Face-recognition software could be useful. If an airline employee has to type in an identifying number to enter a secure area, for example, it can help to confirm that someone claiming to be that specific employee is indeed that person. But it cannot pick random terrorists out of the mob in an airline terminal. That much-larger-scale task requires comparing many sets of features with the many other sets of features in a database of people on a "watch list." Identix, of Minnesota, one of the largest face-recognition-technology companies, contends that in independent tests its FaceIt software has a success rate of 99.32 percent—that is, when the software matches a passenger's face with a face on a list of terrorists, it is mistaken only 0.68 percent of the time. Assume for the moment that this claim is credible; assume, too, that good pictures of suspected terrorists are readily available. About 25 million passengers used Boston's Logan Airport in 2001. Had face-recognition software been used on 25 million faces, it would have wrongly picked out just 0.68 percent of them—but that would have been enough, given the large number of passengers, to flag as many as 170,000 innocent people as terrorists. With almost 500 false alarms a day, the face-recognition system would quickly become something to ignore.
The potential for subtractive failure, different and more troublesome, is raised by recent calls to deploy biometric identification tools across the nation. Biometrics—"the only way to prevent identity fraud," according to the former senator Alan K. Simpson, of Wyoming—identifies people by precisely measuring their physical characteristics and matching them up against a database. The photographs on driver's licenses are an early example, but engineers have developed many high-tech alternatives, some of them already mentioned: fingerprint readers, voiceprint recorders, retina or iris scanners, face-recognition devices, hand-geometry assayers, even signature-geometry analyzers, which register pen pressure and writing speed as well as the appearance of a signature.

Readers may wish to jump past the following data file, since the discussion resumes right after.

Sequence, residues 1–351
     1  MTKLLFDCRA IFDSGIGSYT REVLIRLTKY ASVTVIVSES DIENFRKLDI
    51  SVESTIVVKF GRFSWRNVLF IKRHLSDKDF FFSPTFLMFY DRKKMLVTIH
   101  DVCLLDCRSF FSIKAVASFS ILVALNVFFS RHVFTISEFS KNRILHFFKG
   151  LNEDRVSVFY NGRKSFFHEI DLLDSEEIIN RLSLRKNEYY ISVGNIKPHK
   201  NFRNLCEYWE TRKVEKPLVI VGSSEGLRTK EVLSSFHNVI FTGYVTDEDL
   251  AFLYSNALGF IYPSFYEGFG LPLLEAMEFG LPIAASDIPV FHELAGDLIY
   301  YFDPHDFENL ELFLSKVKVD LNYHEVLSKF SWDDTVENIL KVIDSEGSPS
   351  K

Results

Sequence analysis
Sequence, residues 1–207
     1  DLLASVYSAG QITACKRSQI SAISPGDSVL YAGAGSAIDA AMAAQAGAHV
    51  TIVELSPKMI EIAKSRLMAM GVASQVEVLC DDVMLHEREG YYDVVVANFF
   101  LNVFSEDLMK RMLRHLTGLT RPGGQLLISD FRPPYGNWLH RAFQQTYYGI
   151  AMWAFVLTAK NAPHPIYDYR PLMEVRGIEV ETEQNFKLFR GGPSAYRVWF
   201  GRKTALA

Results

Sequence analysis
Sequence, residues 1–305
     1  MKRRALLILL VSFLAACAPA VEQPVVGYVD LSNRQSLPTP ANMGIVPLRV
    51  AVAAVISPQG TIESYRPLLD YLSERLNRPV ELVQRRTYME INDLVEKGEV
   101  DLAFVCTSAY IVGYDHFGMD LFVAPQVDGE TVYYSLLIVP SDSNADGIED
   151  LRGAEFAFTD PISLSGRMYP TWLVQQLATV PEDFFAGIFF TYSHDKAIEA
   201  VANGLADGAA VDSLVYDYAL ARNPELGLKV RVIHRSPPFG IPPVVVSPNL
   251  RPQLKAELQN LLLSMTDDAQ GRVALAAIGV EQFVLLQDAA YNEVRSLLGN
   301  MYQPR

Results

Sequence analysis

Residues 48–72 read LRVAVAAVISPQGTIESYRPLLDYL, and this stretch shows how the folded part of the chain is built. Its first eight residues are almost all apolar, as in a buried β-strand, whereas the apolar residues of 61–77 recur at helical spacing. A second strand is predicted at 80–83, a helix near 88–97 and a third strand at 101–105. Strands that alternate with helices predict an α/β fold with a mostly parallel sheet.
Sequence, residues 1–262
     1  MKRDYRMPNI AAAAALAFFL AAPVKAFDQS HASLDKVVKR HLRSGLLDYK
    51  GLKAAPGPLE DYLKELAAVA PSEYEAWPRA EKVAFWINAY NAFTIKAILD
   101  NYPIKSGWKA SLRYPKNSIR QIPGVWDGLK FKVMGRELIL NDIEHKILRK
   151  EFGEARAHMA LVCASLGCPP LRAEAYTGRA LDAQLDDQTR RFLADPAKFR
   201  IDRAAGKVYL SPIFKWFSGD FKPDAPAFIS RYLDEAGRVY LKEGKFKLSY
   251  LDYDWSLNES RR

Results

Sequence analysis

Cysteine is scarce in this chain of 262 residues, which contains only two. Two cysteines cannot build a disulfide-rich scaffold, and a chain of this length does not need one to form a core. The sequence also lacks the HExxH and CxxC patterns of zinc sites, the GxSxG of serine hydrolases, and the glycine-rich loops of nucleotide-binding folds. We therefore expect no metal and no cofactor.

Appealingly, biometrics lets people be their own ID cards—no more pass words to forget! Unhappily, biometric measures are often implemented poorly. This past spring three reporters at c't, a German digital-culture magazine, tested a face-recognition system, an iris scanner, and nine fingerprint readers. All proved easy to outsmart. Even at the highest security setting, Cognitec's FaceVACS-Logon could be fooled by showing the sensor a short digital movie of someone known to the system—the president of a company, say—on a laptop screen. To beat Panasonic's Authenticam iris scanner, the German journalists photographed an authorized user, took the photo and created a detailed, life-size image of his eyes, cut out the pupils, and held the image up before their faces like a mask. The scanner read the iris, detected the presence of a human pupil—and accepted the imposture. Many of the fingerprint readers could be tricked simply by breathing on them, reactivating the last user's fingerprint. Beating the more sophisticated Identix Bio-Touch fingerprint reader required a trip to a hobby shop. The journalists used graphite powder to dust the latent fingerprint—the kind left on glass—of a previous, authorized user; picked up the image on adhesive tape; and pressed the tape on the reader. The Identix reader, too, was fooled. Not all biometric devices are so poorly put together, of course. But all of them fail badly.